What’s Proposed for Drones in This Year’s FAA Reauthorization Bills?


Both chambers of Congress recently proposed respective bills for the Federal Aviation Administration’s (FAA) reauthorization, both of which contain important provisions on unmanned aircraft systems (UAS).

U.S. Sens. John Thune, R-S.D., and Bill Nelson, D-Fla., who respectively serve as the chairman and ranking member of the Senate Committee on Commerce, Science, and Transportation, along with Sens. Roy Blunt, R-Mo., and Maria Cantwell, D-Wash., the chairman and ranking member of the Aviation Operations, Safety, & Security Subcommittee, introduced S.1405, the FAA Reauthorization Act of 2017, which reauthorizes federal aviation programs through fiscal year 2021.

For drones specifically, according to the senators, it addresses safety and privacy issues, criminalizes reckless drone behavior around manned aircraft and runways, authorizes FAA drone registration authority, and boosts enforcement while creating new opportunities for testing and promoting innovative uses.

It also directs the agency to establish a rule for “micro” drones, which are categorized as UAS weighing under 4.4 pounds – a rule that has long been pushed for by many in the industry.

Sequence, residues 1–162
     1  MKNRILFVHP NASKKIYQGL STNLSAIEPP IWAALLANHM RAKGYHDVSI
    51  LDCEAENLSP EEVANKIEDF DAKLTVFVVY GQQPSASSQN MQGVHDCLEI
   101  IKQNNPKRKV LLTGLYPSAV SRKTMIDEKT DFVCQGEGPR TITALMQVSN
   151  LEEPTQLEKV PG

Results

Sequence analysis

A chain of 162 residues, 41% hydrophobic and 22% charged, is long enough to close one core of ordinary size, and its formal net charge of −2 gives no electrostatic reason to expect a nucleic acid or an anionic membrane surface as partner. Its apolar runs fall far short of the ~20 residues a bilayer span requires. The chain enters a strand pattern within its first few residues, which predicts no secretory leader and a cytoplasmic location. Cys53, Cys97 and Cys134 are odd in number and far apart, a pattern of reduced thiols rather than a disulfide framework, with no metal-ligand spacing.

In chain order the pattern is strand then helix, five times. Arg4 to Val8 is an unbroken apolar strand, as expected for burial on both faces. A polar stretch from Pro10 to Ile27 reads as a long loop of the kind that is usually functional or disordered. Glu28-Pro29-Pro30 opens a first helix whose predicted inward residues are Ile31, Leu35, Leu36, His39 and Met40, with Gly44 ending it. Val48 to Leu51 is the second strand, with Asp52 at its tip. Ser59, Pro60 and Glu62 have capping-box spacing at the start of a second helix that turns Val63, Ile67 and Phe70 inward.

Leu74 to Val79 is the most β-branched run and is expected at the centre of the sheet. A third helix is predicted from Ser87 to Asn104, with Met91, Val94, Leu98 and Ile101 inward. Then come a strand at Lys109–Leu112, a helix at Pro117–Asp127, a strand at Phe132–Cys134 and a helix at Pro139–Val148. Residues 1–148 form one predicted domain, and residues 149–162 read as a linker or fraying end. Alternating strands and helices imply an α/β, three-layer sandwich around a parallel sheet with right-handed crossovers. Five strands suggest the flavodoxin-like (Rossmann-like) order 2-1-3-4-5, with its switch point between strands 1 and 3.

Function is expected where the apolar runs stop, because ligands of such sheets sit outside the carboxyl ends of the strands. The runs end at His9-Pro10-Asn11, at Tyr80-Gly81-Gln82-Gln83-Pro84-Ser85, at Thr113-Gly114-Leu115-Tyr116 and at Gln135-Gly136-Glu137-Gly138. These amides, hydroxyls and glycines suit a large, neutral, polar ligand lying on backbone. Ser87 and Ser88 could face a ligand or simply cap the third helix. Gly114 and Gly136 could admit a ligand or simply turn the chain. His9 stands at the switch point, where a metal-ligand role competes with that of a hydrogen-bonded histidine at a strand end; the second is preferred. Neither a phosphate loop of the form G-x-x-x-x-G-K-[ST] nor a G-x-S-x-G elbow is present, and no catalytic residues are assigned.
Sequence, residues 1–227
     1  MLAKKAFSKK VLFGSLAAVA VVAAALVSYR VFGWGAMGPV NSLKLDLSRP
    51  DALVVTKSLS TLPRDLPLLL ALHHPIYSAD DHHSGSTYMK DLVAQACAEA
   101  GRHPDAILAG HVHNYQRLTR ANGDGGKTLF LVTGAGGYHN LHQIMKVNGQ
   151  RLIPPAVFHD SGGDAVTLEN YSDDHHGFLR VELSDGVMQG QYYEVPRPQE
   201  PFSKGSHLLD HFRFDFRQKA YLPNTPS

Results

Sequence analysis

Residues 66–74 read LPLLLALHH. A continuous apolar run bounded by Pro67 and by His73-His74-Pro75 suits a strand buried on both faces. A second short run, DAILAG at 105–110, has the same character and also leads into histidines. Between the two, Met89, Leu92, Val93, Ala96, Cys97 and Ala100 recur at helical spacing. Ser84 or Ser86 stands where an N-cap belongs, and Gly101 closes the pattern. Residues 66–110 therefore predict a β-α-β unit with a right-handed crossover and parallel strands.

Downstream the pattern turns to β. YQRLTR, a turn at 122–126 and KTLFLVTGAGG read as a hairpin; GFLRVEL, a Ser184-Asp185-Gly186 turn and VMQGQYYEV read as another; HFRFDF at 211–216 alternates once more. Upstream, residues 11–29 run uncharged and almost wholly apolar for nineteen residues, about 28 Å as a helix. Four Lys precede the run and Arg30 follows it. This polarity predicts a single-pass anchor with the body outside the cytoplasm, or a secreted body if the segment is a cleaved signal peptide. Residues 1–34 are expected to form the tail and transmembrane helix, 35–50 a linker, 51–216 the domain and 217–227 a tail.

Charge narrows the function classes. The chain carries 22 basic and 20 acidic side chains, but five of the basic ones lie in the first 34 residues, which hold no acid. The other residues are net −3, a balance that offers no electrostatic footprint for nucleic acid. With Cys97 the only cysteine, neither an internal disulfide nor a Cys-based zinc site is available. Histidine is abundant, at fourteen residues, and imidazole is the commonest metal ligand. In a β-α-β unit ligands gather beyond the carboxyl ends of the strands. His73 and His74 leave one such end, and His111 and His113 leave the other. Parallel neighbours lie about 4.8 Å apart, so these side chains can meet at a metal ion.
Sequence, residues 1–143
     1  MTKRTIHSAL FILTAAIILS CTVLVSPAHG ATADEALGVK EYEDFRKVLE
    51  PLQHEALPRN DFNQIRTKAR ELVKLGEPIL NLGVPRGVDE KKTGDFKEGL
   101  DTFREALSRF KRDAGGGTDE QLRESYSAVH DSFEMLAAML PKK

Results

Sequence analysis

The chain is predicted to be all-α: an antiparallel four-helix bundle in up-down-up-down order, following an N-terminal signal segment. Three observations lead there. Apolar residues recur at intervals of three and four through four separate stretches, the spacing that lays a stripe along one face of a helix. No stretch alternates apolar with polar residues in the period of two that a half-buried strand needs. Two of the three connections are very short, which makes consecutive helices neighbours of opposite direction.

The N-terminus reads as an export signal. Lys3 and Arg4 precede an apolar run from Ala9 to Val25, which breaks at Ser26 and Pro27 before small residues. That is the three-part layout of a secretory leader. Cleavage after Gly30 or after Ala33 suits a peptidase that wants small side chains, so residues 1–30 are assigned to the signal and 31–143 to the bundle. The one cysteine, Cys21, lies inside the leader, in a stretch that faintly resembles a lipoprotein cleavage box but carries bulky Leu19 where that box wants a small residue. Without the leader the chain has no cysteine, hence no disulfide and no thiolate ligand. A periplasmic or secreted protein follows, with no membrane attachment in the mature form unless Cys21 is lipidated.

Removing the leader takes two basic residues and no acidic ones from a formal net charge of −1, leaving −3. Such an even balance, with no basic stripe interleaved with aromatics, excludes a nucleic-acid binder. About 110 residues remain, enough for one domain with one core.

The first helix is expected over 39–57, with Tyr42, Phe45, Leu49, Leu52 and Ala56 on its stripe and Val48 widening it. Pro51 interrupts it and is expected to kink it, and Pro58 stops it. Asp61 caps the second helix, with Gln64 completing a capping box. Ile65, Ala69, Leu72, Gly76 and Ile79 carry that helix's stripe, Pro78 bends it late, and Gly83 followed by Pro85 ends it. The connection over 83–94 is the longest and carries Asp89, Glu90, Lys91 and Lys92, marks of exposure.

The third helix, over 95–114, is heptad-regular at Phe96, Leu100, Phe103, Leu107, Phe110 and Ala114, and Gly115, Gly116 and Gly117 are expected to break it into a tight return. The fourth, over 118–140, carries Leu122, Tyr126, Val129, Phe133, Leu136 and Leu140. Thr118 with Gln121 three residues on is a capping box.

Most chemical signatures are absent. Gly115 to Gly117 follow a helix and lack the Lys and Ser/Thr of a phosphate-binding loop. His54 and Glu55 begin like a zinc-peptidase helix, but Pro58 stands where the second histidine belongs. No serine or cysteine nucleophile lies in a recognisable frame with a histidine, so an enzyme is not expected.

The bill would also require the U.S. Department of Transportation (DOT) to establish a “delivery air carrier certificate that would allow package deliveries by drones.”

Further, all users of drones (besides those weighing under .55 pounds) would have to pass a federally approved aeronautical safety test before taking to the skies.

The Association for Unmanned Vehicle Systems International (AUVSI) also points out that the bill offers “several provisions that will help lay the foundation for more complex operations, such as mandating a coordinated effort between the FAA, FCC and NTIA to report on spectrum needs for small UAS,” according to Brian Wynne, president and CEO of the association.